Skip to main content
Unit of study_

DESC9198: Subjective Analysis in Lighting Design

Semester 2, 2022 [Block mode] - Remote

Lighting to a high aesthetic standard under pre-determined constraints requires an understanding of visual perception, quality of light, form and modelling, human sensitivity to a wide range of lighting environments, and a balanced approach involving critical reasoning and subjective analysis. This unit will be valuable for those interested in the lighting of architectural forms, objects and environments that demand a high level of aesthetic sensitivity. It will not only draw on learning outcomes from other illumination design units, but also be open to related disciplines with the aim of extending acquired skills beyond the confines of traditional lighting practices. Students will gain a broadened ability to interpret and respond to a wide range of illumination applications.

Unit details and rules

Unit code DESC9198
Academic unit Architectural and Design Science
Credit points 6
Assumed knowledge

Fundamental knowledge of lighting

Available to study abroad and exchange students


Teaching staff

Coordinator Emrah Baki Ulas,
Type Description Weight Due Length
Assignment Design Analysis - Essay
50% Week 06
Due date: 09 Sep 2022 at 14:00
4 A3 pages
Outcomes assessed: LO1 LO2 LO3
Presentation group assignment Design Synthesis - Presentation
50% Week 13
Due date: 05 Nov 2022 at 09:00
20 minutes
Outcomes assessed: LO1 LO6 LO5 LO4 LO3 LO2
group assignment = group assignment ?

Assessment summary

Assignment  #1: Essay  Report:  You will work individually to prepare a  report critiquing the qualities of lighting in a space,  supported by photographs, diagrams and short essay report.

Assignment  #2:  Presentation:  You will work in a design team to develop and present a lighting design concept for architectural space.

Detailed information for each assessment can be found on Canvas.

Assessment criteria

The University awards common result grades, set out in the Coursework Policy 2014 (Schedule 1).

As a general guide, a high distinction indicates work of an exceptional standard, a distinction a very high standard, a credit a good standard, and a pass an acceptable standard.

Result name

Mark range


High distinction

85 - 100

Work of outstanding quality, demonstrating mastery of the learning outcomes assessed. The work shows significant innovation, experimentation, critical analysis, synthesis, insight, creativity, and/or exceptional skill.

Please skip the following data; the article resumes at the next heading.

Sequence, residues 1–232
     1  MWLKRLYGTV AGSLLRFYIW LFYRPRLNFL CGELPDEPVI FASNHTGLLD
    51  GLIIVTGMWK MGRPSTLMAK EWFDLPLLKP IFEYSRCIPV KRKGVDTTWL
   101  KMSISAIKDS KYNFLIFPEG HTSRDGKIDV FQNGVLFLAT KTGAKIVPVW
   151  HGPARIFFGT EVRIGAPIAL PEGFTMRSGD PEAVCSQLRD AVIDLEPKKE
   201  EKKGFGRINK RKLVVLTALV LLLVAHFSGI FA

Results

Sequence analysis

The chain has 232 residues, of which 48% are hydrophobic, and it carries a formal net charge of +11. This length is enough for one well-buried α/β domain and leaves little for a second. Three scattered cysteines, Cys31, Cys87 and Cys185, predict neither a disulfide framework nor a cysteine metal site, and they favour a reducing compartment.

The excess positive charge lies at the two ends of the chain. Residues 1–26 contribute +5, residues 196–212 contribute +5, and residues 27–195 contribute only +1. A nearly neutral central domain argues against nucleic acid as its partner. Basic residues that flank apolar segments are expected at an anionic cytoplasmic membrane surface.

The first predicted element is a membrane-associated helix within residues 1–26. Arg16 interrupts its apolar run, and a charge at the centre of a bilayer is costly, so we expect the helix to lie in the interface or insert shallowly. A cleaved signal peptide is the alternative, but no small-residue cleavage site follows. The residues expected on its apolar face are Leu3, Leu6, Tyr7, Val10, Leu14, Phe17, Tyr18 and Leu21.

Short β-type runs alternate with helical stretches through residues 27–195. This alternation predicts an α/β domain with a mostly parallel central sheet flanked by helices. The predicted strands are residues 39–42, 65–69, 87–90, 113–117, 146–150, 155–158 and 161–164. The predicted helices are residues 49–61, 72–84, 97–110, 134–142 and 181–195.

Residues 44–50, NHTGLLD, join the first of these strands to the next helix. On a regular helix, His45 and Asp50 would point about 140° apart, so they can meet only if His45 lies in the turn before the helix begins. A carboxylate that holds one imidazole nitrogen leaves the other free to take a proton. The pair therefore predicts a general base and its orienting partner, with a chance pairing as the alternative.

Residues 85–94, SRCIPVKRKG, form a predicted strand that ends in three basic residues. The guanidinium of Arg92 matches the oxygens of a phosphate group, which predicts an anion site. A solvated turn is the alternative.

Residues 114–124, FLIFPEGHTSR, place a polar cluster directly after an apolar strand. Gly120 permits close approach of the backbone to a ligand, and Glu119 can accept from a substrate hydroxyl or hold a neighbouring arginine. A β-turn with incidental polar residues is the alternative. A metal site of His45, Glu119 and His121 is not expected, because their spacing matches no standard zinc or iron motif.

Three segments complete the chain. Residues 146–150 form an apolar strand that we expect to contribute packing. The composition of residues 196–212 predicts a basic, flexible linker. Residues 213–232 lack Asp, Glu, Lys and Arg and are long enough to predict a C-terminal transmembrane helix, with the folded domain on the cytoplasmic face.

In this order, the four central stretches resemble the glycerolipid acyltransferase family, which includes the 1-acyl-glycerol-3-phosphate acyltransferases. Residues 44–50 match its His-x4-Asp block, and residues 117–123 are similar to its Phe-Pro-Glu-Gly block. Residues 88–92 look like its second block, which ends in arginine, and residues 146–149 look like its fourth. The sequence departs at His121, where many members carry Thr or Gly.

75 - 84

Work of excellent quality, demonstrating a sound grasp of the learning outcomes assessed. The work shows innovation, experimentation, critical analysis, synthesis, insight, creativity, and/or superior skill.


65 - 74

Work of good quality, demonstrating more than satisfactory achievement of the learning outcomes assessed, or work of excellent quality for a majority of the learning outcomes assessed.


50 - 64

Work demonstrating satisfactory achievement of the learning outcomes assessed.


0 - 49

Work that does not demonstrate satisfactory achievement of one or more of the learning outcomes assessed.

For more information see

For more information see guide to grades.

Late submission

In accordance with University policy, these penalties apply when written work is submitted after 11:59pm on the due date:

  • Deduction of 5% of the maximum mark for each calendar day after the due date.
  • After ten calendar days late, a mark of zero will be awarded.

This unit has an exception to the standard University policy or supplementary information has been provided by the unit coordinator. This information is displayed below:

5% per day

Academic integrity

The Current Student website  provides information on academic integrity and the resources available to all students. The University expects students and staff to act ethically and honestly and will treat all allegations of academic integrity breaches seriously.  

We use similarity detection software to detect potential instances of plagiarism or other forms of academic integrity breach. If such matches indicate evidence of plagiarism or other forms of academic integrity breaches, your teacher is required to report your work for further investigation.

You may only use artificial intelligence and writing assistance tools in assessment tasks if you are permitted to by your unit coordinator, and if you do use them, you must also acknowledge this in your work, either in a footnote or an acknowledgement section.

Studiosity is permitted for postgraduate units unless otherwise indicated by the unit coordinator. The use of this service must be acknowledged in your submission.

Simple extensions

If you encounter a problem submitting your work on time, you may be able to apply for an extension of five calendar days through a simple extension.  The application process will be different depending on the type of assessment and extensions cannot be granted for some assessment types like exams.

Special consideration